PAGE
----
The tax shelter, know as the “tax deferral method” was utilized by William Esrey, Sprint’s chairman and chief executive and President and Chief Operating Officer Ronald LeMaythe after being promoted to the company by their auditor Ernst & Young.
The method allowed the two an opportunity to offset a large tax bill associated with profits from the exercise of options by establishing a separate investment that enables the executive to exercise his stock options without paying the taxes that would normally be due that year, according to a Wall Street Journal report citing unnamed sources.
While the exact investment method used by the executives was not given, the Wall Street Journal cited a method promoted by Ernst & Young known as “ECS” that promises to delay the income-tax bill from the exercise of options for up to 30 years by putting the options in a limited partnership that could involve family members. In return, the executive would get an unsecured promise to pay the money back, but not a note.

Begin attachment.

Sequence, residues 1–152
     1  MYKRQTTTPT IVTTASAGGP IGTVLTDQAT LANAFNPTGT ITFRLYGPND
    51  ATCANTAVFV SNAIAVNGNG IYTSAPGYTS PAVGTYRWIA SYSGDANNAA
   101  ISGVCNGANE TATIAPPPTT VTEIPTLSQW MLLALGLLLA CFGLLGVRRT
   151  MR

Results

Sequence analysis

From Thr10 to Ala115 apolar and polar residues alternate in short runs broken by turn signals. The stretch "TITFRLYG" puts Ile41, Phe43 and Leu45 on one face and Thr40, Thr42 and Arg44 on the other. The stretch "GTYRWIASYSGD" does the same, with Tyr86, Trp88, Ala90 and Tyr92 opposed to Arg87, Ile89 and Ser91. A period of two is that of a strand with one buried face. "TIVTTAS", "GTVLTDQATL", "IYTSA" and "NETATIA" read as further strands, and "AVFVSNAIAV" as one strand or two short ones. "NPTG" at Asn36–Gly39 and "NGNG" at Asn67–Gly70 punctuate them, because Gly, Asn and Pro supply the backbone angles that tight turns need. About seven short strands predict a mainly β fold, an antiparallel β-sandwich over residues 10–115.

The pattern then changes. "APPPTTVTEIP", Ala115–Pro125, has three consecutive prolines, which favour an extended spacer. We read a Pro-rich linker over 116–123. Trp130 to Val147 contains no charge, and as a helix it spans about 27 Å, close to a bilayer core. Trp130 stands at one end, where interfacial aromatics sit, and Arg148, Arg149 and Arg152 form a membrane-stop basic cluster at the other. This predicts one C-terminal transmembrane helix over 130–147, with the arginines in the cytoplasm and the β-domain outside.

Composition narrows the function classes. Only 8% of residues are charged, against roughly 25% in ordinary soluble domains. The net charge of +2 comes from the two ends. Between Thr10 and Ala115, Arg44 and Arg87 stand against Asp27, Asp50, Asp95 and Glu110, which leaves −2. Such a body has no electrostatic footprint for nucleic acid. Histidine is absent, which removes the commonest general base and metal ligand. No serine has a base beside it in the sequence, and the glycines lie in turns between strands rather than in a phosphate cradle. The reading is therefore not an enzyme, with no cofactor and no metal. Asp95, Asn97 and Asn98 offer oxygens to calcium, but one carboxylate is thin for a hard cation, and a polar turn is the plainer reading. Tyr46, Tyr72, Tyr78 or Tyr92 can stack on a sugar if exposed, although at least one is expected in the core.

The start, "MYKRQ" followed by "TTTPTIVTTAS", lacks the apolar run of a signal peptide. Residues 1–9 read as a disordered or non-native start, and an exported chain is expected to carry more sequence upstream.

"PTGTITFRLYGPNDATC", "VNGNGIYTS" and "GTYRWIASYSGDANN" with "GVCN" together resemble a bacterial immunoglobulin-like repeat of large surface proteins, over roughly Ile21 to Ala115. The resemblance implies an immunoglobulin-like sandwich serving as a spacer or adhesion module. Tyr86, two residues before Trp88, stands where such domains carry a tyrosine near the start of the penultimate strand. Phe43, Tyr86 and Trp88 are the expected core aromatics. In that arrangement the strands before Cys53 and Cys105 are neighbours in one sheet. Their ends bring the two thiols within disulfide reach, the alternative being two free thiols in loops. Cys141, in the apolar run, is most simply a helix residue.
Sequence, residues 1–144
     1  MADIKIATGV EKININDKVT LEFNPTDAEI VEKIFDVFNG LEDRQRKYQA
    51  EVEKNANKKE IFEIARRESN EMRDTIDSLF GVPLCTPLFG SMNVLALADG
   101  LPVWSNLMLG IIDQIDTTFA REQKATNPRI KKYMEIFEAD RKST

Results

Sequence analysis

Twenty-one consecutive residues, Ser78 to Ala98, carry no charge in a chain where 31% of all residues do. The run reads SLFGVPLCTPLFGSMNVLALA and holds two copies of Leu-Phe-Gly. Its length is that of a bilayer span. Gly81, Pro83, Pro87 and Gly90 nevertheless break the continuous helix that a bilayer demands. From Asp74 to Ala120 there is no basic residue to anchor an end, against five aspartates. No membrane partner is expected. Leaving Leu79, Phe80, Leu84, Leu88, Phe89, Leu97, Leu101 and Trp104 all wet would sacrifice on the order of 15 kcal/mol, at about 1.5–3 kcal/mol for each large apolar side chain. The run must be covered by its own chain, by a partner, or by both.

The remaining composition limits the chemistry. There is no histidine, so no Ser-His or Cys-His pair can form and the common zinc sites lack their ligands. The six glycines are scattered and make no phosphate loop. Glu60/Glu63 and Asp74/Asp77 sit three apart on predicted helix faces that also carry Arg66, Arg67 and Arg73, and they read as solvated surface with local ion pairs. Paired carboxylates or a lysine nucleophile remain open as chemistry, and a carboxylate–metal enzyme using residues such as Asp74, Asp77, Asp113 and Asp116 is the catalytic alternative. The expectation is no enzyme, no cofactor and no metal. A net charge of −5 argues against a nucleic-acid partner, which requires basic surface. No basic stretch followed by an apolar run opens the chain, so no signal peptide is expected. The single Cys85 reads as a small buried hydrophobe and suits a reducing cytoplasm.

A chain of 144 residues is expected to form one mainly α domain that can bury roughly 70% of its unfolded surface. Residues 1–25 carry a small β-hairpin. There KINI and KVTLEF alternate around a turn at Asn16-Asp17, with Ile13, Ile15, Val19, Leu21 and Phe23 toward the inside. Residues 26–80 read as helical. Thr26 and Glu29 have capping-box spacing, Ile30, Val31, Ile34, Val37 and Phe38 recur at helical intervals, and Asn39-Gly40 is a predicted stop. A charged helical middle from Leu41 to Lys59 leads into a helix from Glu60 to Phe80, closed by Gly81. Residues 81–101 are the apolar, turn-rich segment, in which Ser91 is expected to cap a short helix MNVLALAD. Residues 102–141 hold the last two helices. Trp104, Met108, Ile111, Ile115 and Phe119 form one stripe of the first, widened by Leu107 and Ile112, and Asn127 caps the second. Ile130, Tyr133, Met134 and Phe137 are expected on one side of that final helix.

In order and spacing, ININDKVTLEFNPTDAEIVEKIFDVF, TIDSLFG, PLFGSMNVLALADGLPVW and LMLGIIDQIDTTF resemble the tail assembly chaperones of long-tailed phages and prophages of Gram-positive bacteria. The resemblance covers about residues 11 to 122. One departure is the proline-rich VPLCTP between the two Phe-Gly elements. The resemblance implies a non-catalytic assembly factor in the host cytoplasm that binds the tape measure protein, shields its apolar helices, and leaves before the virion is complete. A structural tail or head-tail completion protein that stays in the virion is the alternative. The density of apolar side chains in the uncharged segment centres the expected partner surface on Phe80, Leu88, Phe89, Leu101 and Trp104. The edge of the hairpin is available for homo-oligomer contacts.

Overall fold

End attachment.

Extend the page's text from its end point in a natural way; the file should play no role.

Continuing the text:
Under IRS rules, if the transaction was a real business deal, known as “arm’s length,” then there would be no tax bill when the options were exercised by the partnership. In addition, the partnership could sell the shares and diversify its holdings to cut the executive’s risk. However, it should be noted, while the use of such a tax shelter is currently under scrutiny, it has not been deemed illegal.